Let’s take a closer look at DHS since this is the week of DHS’s ICSJWG Spring Conference. Like many, I’m guilty of treating ICS-CERT as if they are THE DHS sponsored organization responsible for ICS security in the US Government. ICS-CERT is part of the DHS Control System Security Program (CSSP) and should be treated and evaluated as a CERT.
ICS-CERT does a fine job coordinating activities between researchers and companies. They are balanced and try to reach a compromise that satisfies both parties. It is a huge benefit for a researcher to be able to turn over findings to ICS-CERT and let them deal with the coordination. Just ask McCorkle and Rios who turned over a huge amount of HMI vulns. There have also been many cases where ICS-CERT knocking on a vendor’s door has gotten a response after the researcher was ignored.
While ICS-CERT has done well on coordination when the researcher and company cooperate, their products, alerts and advisories, are based and biased towards whatever the vendor has admitted or released. It’s not surprising that the vendor panel at ICSJWG had high praise for ICS-CERT. It’s also not surprising they support the vendor’s point of view since many are customers paying INL top dollar for ICS security services.
ICS-CERT has failed to use their ICS expertise or wealth of lab equipment in the ICS-CERT Alerts and Advisories. They have been a clipping service, reporting whatever information others have chose to make public and no more. The best example of this is the Beresford vulnerabilities where ICS-CERT had the Siemens equipment, must have known Dillon was right, and still went with the Siemens party line until it was no longer tenable. That ICS-CERT did not suffer a massive black eye when they completely missed the PLC attack portion of Stuxnet is still baffling. It’s so easy to get me ranting on this topic … and the point is that a CERT is just a portion of what DHS is responsible for in ICS security.
While ICS-CERT ≠ DHS CSSP, it is credible to say that ICS resources at Idaho National Labs (INL) is DHS CSSP. Marty Edwards, the DHS Director of CSSP was formerly in a similar role at INL. Marty still lives in Idaho and has his office at INL. ICS-CERT resources are from INL. The DHS CSSP program office has been staffed by INL contractors. The DHS training courses were developed and are delivered by INL. The fly away teams come from INL. It goes on and on.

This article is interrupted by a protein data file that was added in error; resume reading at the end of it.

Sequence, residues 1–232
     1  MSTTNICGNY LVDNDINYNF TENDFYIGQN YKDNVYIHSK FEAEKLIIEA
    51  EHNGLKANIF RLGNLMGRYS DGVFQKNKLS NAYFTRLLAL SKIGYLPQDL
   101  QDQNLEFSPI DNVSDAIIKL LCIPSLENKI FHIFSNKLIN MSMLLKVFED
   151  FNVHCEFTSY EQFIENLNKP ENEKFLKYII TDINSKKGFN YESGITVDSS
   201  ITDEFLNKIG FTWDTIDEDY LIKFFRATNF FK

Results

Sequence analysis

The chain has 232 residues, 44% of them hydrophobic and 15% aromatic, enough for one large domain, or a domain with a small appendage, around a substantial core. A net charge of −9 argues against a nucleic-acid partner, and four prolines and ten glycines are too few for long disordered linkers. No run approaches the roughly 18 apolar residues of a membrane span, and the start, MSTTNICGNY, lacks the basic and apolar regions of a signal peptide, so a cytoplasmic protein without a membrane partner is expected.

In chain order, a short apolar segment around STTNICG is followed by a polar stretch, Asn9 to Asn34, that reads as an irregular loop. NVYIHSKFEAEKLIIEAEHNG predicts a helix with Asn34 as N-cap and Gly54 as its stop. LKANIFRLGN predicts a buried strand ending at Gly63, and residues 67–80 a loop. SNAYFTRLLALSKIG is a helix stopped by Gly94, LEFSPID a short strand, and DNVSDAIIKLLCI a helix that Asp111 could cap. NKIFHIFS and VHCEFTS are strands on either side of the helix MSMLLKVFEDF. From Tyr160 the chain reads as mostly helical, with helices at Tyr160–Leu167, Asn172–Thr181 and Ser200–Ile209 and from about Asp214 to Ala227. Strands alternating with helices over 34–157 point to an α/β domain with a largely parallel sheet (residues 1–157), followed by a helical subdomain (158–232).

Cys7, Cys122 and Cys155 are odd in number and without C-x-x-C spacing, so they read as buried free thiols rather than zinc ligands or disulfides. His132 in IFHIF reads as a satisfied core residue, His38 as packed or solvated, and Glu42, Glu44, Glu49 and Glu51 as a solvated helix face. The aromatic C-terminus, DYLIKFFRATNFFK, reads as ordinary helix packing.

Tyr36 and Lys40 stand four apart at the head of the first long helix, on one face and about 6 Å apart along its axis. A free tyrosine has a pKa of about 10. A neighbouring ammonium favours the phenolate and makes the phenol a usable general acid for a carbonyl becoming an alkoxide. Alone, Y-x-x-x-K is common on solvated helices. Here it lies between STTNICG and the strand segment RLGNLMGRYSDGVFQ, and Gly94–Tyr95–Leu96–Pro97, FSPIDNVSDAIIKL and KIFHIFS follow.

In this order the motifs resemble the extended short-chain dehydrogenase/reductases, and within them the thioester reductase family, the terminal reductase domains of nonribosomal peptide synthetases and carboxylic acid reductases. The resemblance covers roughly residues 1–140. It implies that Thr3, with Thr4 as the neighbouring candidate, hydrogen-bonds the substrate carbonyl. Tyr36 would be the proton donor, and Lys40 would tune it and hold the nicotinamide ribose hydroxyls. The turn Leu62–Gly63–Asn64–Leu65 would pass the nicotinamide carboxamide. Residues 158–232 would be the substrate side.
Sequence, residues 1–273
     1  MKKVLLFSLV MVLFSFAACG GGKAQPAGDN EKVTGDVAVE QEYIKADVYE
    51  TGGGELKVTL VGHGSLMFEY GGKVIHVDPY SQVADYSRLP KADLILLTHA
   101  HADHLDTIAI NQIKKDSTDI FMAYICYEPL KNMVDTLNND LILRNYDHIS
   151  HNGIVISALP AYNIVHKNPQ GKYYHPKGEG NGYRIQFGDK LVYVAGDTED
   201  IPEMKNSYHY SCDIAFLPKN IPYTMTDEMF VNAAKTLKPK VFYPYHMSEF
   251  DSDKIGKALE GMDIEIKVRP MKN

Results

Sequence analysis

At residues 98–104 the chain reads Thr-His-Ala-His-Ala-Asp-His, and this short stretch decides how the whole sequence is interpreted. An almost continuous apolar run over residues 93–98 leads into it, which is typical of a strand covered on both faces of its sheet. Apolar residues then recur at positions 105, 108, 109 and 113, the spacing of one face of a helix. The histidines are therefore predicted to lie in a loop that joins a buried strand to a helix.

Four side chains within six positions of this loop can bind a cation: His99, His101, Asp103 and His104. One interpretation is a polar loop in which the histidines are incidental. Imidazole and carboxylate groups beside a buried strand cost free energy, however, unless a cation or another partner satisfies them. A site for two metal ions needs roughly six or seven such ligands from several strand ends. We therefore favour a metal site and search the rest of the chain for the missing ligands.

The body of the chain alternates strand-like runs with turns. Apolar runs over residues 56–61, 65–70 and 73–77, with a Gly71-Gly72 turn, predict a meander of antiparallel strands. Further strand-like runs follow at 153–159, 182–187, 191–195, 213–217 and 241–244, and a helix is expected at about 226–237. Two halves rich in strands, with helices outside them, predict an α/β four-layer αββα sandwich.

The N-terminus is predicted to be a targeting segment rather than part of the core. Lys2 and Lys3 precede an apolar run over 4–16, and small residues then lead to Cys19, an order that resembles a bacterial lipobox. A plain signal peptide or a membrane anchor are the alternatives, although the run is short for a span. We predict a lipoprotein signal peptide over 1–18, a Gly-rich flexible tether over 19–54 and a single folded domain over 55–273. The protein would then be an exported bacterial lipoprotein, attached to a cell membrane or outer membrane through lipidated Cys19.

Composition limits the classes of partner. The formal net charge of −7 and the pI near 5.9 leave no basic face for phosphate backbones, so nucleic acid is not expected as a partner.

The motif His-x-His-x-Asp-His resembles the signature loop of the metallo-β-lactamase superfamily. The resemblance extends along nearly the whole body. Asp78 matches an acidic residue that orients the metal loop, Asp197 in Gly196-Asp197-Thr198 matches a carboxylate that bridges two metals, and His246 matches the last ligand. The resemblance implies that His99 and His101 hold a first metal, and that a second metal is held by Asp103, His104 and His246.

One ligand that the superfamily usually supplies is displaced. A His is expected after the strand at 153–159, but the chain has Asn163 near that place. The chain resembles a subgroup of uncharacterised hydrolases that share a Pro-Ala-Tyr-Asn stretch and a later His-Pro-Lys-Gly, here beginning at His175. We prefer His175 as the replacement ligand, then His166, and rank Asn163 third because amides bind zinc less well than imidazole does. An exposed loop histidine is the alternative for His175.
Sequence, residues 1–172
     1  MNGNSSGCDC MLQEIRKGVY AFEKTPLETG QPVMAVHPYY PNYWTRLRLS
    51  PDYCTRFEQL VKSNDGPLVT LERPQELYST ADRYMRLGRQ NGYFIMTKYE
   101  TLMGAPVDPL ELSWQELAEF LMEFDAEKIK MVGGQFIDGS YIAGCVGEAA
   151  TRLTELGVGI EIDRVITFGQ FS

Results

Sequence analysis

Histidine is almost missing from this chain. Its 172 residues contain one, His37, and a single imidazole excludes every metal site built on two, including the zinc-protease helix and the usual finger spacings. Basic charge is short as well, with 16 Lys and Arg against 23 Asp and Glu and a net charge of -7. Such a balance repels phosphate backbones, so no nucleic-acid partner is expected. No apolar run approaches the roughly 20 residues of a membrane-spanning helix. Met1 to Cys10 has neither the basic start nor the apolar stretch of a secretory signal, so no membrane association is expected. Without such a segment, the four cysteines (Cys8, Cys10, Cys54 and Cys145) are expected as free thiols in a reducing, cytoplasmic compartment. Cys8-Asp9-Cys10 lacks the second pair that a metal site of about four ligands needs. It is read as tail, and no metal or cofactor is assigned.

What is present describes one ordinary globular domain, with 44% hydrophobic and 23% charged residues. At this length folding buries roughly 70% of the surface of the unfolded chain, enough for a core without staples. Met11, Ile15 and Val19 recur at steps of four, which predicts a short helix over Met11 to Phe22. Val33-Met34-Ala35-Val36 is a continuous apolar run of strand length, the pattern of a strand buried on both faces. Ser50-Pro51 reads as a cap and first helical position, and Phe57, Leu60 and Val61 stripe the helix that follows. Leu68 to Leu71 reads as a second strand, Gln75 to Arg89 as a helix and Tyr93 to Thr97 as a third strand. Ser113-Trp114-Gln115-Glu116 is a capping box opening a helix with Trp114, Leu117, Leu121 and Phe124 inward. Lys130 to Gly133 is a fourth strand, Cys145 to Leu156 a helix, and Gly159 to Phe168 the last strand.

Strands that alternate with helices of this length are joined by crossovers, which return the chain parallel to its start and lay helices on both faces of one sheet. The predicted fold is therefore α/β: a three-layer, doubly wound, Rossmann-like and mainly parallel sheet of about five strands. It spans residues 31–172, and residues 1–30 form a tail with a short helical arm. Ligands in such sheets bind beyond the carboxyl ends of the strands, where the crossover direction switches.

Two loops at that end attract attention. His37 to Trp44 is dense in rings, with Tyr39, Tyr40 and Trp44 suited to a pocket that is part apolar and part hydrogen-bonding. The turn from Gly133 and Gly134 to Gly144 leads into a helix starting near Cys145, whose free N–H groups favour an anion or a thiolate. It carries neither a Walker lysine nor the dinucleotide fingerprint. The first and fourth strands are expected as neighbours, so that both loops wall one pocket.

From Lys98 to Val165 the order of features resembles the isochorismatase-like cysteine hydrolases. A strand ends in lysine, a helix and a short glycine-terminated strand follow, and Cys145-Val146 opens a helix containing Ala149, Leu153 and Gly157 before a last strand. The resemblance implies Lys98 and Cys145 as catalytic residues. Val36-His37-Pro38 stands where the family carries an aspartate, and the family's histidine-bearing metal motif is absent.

PNNL and Sandia play bit roles in DHS ICS security compared with INL, and actual DHS employees unconnected to INL are anomalies and tend to only last a year or two.
A fair characterization is DHS has outsourced ICS security to INL.
Many people mistakenly believe that national labs and non-profits operate for the public good and not as businesses. Most try to maximize revenue like other companies and find ways to allocate and spend that money so it is not considered profit. The national labs are no different. In fact the rates at INL for things like training and support are much higher than commercial industry, both small and large commercial organizations, because the labs have played the game for many years and know how to establish and support huge rates without making a “profit”.
Sometime buy a manager at a national lab a beer and ask them how the operating company, Battelle Energy Alliance (BEA) for INL, makes money. You will hear a load of stories about all the tricks and restrictions preventing reasonable use of knowledge and resources available from the lab. They are a business, and the INL 10-year management contract was valued at $5B. This is not bad, but thinking of them as an altruistic organization is deeply flawed. In fact, INL has more, and gets away with more, conflicts of interest than any other organization in the ICS security space.
There is ICS security talent at INL. This is not the issue. They should be a resource available to the US Government, vendors, and owner/operators can consider to help with ICS security. INL shouldn’t be the DHS CSSP.
DHS is now almost 10 years old. Was the expectation of Congress and the various Administrations that DHS would outsource critical infrastructure ICS security? Is this going to continue? Should this continue based on the progress over the last ten years?